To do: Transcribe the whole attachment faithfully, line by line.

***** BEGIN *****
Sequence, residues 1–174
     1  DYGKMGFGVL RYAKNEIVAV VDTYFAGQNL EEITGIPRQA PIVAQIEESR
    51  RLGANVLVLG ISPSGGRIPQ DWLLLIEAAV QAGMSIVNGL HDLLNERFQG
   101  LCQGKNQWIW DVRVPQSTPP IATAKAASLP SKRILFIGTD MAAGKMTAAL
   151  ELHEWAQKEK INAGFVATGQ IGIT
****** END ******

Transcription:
Sequence, residues 1–174
     1  DYGKMGFGVL RYAKNEIVAV VDTYFAGQNL EEITGIPRQA PIVAQIEESR
    51  RLGANVLVLG ISPSGGRIPQ DWLLLIEAAV QAGMSIVNGL HDLLNERFQG
   101  LCQGKNQWIW DVRVPQSTPP IATAKAASLP SKRILFIGTD MAAGKMTAAL
   151  ELHEWAQKEK INAGFVATGQ IGIT